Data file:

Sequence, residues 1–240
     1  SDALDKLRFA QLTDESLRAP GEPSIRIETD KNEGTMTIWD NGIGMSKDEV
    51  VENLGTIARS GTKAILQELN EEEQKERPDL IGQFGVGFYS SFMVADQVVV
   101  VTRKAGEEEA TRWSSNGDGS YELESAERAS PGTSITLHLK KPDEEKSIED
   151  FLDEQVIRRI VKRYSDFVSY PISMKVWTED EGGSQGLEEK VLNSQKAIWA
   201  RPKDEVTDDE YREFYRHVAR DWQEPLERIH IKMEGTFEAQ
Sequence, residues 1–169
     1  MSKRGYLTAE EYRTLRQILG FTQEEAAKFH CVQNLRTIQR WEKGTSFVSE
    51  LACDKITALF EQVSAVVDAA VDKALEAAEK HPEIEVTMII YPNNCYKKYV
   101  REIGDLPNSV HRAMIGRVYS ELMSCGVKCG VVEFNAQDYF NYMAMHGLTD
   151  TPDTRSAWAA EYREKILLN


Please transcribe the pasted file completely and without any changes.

Sequence, residues 1–240
     1  SDALDKLRFA QLTDESLRAP GEPSIRIETD KNEGTMTIWD NGIGMSKDEV
    51  VENLGTIARS GTKAILQELN EEEQKERPDL IGQFGVGFYS SFMVADQVVV
   101  VTRKAGEEEA TRWSSNGDGS YELESAERAS PGTSITLHLK KPDEEKSIED
   151  FLDEQVIRRI VKRYSDFVSY PISMKVWTED EGGSQGLEEK VLNSQKAIWA
   201  RPKDEVTDDE YREFYRHVAR DWQEPLERIH IKMEGTFEAQ
Sequence, residues 1–169
     1  MSKRGYLTAE EYRTLRQILG FTQEEAAKFH CVQNLRTIQR WEKGTSFVSE
    51  LACDKITALF EQVSAVVDAA VDKALEAAEK HPEIEVTMII YPNNCYKKYV
   101  REIGDLPNSV HRAMIGRVYS ELMSCGVKCG VVEFNAQDYF NYMAMHGLTD
   151  TPDTRSAWAA EYREKILLN